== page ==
Monday, July 13, 2009

Using Taiwan Test Scores to Apply to Mainland Universities

Using Taiwan Test Scores to Apply to Mainland Universities
United Daily News editorial (Taipei, Taiwan, ROC)
A Translation
July 13, 2009

On the basis of one's test scores, students from Taiwan will be able to gain admission to any university on both sides of the Taiwan Strait. If one cannot get into National Taiwan University, one can get into Beijing University. If one cannot get into Tsinghua University in Hsinchu, one can get into Tsinghua University at Beijing. If one cannot get into the department of one's choice at National Chengchi University, one will be able to at Fudan University in Shanghai. For students from Taiwan, this is mighty tempting.

Mainland China's Vice Minister of Education Yuan Guiren announced this policy at the bilateral forum in Changsha. Students from Taiwan will be able to apply to Mainland universities using their Taiwan test scores. Some people think this will not impact universities on Taiwan. Others think this may lead to a wave of students studying on the Mainland over the next few years.

Let's talk about some peoples' doubts and fears. If this policy takes effect and spreads, every year as many as 10,000 students from Taiwan will chose to cross the "Blackwater Ditch" (Taiwan Strait) for four or more years of academic studies in Mainland cities. This means that a a significant proportion of young people from Taiwan would be "transferred" to the Chinese mainland. Since these students are the academic elites, how should we interpret such a population movement?

A deeper concern is that because the CCP is authoritarian, it can control the admissions process to elite Mainland universities. It can even give preferential treatment through scholarships. Will this increase the temptation for students from Taiwan to cross the Strait for higher learning? After these students cross the Strait, will these young people from Taiwan eventually wind up as Beijing's political bargaining chips?

This sort of negative thinking begins with the assumption that everything must always be to our disadvantage. As a result, its conclusion will always be that we must take every possible measure to confront and obstruct such a trend.

But one can also adopt a more positive point of view. The final result of bilateral exchanges will not necessarily manifest itself in one or two generations. We hope the two sides will fully understand each other during these one or two generations. Such an understanding is only possible when people on both sides have free access to each others' social environment, educational environment, and lifestyle. Only a generation that grows up in such an environment will be able to internalize and resolve the problems the two sides face.

Over the past sixty years, several generations on both sides of the Taiwan Strait have remained mired in a zero sum game of hatred and confrontation. Governments on both sides of the Taiwan Strait manipulated cross-Strait relations to their own political advantage. The public on both sides of the Taiwan Strait was relegated to the role of an amen chorus, waving flags and shouting angry slogans. If we believe the two sides of the Taiwan Strait should share a vision of peace and mutual prosperity, the first task is to increase bilateral exchanges, enabling the public on both sides to guide cross-Strait relations. If we think in these terms, open exchanges between universities on both sides is a forgone conclusion. Because as university students develop concepts of right and wrong, they will be the ones who introduce and implement a vision for the future. If the Taiwan side lacks confidence even in cross-Strait exchanges between university students, then it is going to have even less confidence in cross-Strait exchanges between ordinary members of the public.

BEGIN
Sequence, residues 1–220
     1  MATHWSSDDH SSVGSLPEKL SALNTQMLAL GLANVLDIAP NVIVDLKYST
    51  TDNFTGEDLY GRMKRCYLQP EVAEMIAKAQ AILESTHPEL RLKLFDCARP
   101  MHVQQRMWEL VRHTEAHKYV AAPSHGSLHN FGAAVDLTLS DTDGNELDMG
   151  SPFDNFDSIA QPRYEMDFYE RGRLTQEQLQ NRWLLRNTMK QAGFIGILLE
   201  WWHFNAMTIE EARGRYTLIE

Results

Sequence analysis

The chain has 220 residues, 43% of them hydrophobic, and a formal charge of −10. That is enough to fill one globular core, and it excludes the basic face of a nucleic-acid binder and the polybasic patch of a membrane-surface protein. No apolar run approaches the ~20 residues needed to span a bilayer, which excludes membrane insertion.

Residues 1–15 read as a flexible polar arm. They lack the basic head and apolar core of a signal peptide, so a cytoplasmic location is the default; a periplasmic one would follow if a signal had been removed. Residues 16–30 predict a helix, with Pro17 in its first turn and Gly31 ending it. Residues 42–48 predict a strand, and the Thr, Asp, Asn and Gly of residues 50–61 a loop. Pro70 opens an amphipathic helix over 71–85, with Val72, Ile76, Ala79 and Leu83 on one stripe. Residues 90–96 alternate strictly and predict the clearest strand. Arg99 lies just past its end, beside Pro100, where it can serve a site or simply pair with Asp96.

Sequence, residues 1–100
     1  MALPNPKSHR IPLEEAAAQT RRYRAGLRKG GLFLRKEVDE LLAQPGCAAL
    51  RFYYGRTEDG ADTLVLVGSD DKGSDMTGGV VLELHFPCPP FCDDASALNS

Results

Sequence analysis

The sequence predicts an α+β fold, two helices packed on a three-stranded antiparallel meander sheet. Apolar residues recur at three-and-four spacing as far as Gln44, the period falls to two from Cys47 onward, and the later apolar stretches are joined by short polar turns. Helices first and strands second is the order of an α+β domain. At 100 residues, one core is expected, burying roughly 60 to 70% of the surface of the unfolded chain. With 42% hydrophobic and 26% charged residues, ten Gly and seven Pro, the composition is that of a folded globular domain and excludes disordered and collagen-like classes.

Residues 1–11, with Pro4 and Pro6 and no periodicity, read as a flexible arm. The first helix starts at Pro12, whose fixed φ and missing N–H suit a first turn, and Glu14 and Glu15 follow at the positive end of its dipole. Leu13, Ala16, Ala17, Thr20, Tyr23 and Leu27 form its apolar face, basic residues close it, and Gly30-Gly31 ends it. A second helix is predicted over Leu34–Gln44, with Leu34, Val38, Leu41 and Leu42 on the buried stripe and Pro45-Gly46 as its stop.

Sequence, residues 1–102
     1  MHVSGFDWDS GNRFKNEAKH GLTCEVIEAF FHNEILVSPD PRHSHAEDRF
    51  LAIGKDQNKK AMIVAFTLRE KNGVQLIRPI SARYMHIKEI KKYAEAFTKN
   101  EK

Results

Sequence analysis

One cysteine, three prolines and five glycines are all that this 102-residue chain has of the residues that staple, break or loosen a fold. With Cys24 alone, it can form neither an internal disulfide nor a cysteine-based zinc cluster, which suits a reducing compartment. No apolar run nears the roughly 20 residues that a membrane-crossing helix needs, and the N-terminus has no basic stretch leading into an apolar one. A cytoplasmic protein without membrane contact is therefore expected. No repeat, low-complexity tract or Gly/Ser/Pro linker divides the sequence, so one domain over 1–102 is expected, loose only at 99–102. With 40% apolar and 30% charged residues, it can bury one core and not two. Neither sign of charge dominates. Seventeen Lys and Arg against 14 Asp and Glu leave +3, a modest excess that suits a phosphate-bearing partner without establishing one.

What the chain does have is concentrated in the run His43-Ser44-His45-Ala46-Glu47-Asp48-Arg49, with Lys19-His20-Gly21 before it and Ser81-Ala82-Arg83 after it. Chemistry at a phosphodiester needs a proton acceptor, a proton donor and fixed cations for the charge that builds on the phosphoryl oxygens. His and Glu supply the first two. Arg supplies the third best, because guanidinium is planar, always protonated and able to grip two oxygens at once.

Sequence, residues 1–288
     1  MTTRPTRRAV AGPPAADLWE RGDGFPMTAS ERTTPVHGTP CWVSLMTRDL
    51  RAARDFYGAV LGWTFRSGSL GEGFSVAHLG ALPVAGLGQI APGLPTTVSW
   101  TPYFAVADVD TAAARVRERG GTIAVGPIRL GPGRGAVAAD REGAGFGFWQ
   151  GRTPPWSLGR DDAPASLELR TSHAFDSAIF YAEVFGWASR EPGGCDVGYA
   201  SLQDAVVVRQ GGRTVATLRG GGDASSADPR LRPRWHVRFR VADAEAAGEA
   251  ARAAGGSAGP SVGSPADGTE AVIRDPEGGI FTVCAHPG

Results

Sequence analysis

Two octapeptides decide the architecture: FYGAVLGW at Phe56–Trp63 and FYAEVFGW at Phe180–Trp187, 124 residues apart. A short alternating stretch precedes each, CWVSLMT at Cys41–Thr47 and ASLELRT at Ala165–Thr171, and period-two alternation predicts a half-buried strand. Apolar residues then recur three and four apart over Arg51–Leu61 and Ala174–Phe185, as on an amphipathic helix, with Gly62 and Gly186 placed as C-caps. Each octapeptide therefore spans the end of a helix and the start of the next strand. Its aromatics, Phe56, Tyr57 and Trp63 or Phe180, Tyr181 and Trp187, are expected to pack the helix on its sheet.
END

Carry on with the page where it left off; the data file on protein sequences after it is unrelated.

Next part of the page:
This gesture by the Beijing authorities can be described as audacious. Beijing did not ask Taiwan to open its doors. Beijing opened its doors first. Students from Taiwan need not take any additional exams. Given such an opportunity, they are highly likely to consider such alternatives. Moreover, Beijing opened the door. Once opened, Taipei can hardly demand that Beijing to close it. In other words, the situation is out of Taipei's hands. Therefore, from Taipei's perspective, it must adopt a posture of greater openness. Otherwise it will merely wind up in a posture of passivity.

This gesture by Beijing will make it even more difficult for Taiwan to reject Mainland academic credentials, and to prohibit Mainland students from studying on Taiwan. Because even under the current system, 2000 students from Taiwan went to the Mainland to study. Now that students from Taiwan can gain admission to Mainland universities based solely on their Taiwan test scores, and receive all sorts of preferential treatment to boot, their ranks will rapidly increase. Refusal to recognize Mainland academic credentials will be both infeasible and pointless. If students from Taiwan study on the Mainland, but students from the Mainland are prohibited from studying on Taiwan, such a lop-sided situation will only be disadvantageous to Taiwan.

If the two sides of the Taiwan Strait do not wish to slam their doors shut and engage in confrontation, then they must open their doors and engage in cross-Strait exchanges. Economic and trade exchanges are good, but not as good as people to people exchanges. People to people exchanges on university campuses should be encouraged. After all, young people have a powerful sense of right and wrong, a global outlook, and hope for the future. We look forward to a future in which both sides can win and create mutual prosperity. We hope such a future will germinate and grow on university campuses on both sides of the Taiwan Strait.

2009.07.13 05:55 am











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